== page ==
The media's ideological gatekeepers threw restraint to the wind when dealing with Stone's film. Conservative news columnist George Will, not known for writing movie reviews, penned a rant against JFK, calling it "a cartoon history" and "a three hour lie." Will describes Stone as "an intellectual sociopath, combining moral arrogance with historical ignorance . . . a specimen of the sixties' arrested development. . . . Intellectually, Stone is on all fours . . . part of a long fringe tradition . . . banally venal, reckless, cruel" (Washington Post, 12/27/91). By relying on invective, Will avoided the more difficult task of rebutting the points made in Stone's film.

    Shoulder to shoulder with conservartives like Will stood liberal centrists like Daniel Schorr, the NPR radio commentator who attacked Stone three times on the air, always in sarcastic and general terms, without ever coming to grips with the information proffered by the movie.

    Then there was Tom Wicker, a syndicated columnist who also had never done a movie review, but when JFK came out, he wrote one that covered a whole page, completewith photos (New York Times, 12/15/91). In it, Wicker said something revealing:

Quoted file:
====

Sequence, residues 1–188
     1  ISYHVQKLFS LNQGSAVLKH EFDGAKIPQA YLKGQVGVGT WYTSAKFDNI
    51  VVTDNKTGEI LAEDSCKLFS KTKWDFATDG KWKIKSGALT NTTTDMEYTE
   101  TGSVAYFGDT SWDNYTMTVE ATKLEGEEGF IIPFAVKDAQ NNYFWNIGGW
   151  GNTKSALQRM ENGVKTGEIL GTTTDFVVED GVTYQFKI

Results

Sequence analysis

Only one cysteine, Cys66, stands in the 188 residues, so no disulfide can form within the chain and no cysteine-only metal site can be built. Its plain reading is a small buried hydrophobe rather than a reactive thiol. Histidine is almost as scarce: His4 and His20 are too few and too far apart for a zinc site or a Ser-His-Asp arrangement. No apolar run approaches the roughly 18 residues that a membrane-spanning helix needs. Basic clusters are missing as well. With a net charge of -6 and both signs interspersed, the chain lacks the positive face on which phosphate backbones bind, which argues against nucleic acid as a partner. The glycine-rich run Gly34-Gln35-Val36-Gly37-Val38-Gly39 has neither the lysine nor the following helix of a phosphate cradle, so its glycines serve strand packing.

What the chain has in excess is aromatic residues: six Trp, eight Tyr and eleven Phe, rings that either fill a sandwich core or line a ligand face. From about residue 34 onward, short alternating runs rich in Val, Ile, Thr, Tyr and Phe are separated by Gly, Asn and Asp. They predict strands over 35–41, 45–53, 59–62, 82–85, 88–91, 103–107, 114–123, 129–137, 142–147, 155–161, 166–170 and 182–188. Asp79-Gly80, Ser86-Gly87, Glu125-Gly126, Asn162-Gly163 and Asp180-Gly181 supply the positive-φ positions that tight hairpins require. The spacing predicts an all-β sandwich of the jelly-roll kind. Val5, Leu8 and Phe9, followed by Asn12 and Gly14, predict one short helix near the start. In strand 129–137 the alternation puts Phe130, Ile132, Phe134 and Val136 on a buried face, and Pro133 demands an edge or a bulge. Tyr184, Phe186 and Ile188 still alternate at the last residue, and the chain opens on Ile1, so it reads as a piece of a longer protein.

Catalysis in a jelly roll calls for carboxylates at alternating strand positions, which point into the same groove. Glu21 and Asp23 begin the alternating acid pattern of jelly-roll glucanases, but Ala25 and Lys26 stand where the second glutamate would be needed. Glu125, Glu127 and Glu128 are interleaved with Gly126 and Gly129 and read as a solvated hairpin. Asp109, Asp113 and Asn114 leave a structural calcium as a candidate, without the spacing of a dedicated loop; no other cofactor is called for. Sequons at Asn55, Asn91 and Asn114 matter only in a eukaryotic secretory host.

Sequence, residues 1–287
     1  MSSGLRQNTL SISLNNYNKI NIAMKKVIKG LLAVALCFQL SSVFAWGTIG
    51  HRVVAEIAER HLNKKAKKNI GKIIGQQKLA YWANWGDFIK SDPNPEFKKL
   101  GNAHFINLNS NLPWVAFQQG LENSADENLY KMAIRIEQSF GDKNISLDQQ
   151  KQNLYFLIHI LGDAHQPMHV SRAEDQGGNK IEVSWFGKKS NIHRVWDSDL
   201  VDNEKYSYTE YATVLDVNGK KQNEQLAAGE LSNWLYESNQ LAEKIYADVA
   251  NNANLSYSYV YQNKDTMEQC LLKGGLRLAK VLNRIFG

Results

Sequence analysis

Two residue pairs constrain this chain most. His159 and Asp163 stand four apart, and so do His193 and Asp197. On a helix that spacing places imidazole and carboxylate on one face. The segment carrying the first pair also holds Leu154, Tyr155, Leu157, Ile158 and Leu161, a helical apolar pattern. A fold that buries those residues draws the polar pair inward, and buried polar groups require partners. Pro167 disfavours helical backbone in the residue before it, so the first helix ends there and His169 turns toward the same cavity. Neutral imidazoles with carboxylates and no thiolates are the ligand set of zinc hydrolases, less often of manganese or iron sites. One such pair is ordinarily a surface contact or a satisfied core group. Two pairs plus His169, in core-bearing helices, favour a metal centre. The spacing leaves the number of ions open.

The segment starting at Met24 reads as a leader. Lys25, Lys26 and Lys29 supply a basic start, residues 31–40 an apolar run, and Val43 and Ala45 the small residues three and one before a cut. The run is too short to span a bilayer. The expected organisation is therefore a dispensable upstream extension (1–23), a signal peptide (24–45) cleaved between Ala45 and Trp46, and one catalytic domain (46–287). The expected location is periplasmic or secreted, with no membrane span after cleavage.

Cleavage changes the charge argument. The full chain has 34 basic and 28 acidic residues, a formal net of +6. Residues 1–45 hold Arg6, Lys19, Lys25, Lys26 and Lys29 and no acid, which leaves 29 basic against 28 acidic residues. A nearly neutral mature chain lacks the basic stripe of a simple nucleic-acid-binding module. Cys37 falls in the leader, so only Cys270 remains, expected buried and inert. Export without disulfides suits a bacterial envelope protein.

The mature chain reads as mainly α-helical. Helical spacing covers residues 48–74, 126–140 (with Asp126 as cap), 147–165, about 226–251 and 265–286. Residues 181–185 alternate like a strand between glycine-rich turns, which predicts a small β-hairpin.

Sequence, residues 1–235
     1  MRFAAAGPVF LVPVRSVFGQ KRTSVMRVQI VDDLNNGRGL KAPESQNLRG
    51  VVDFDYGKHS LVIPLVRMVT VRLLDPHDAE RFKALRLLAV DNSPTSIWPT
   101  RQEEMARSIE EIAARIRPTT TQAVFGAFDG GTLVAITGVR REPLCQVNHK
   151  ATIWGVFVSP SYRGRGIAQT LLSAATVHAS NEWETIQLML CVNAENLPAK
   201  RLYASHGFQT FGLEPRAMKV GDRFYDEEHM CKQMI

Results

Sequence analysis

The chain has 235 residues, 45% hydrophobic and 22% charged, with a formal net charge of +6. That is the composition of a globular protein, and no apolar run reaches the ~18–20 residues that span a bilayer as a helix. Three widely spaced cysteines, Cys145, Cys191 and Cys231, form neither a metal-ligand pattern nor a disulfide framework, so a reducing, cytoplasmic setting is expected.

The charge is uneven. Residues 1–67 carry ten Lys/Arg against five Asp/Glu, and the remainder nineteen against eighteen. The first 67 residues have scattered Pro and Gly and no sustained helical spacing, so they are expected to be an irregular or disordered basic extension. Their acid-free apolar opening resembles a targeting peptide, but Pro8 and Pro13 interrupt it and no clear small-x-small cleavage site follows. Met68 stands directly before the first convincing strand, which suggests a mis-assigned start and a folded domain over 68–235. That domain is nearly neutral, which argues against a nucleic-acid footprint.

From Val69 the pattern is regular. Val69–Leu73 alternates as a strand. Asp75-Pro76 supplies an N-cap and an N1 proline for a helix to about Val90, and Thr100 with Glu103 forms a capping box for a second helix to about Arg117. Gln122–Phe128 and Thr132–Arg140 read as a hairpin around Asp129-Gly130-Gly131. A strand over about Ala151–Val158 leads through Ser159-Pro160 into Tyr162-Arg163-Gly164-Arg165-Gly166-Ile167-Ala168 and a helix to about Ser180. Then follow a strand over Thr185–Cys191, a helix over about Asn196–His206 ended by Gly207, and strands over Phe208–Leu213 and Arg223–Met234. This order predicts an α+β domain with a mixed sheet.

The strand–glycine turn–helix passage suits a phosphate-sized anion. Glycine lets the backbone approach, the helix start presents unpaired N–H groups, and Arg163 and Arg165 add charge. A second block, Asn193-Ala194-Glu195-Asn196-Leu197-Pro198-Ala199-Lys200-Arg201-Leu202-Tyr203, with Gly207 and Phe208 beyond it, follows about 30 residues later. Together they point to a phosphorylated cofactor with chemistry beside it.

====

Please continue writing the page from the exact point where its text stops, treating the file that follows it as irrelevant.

"If the wild assertions in Oliver Stone's movie are taken at face value, Americans will have to accept the idea that most of the nation's major institutions conspired together and carried out Kennedy's murder. In an era when mistrust of government and loss of confidence in institutions--the press not the least--are widespread and virulent, such a suggestion seems a dubious public service."

    In so many words Wicker was disclosing the basic reason why such a merciless attack had been launched against Stone's movie. A full exposure of the assassination conspiracy would invite serious discredit upon the legitimacy of the dominant institutions of state and class. Playing before mass audiences, JFK did not accuse a cabal of malevolent perpetrators, but pointed to the national security state itself, inviting millions of viewers to question the kind of state system under which they lived.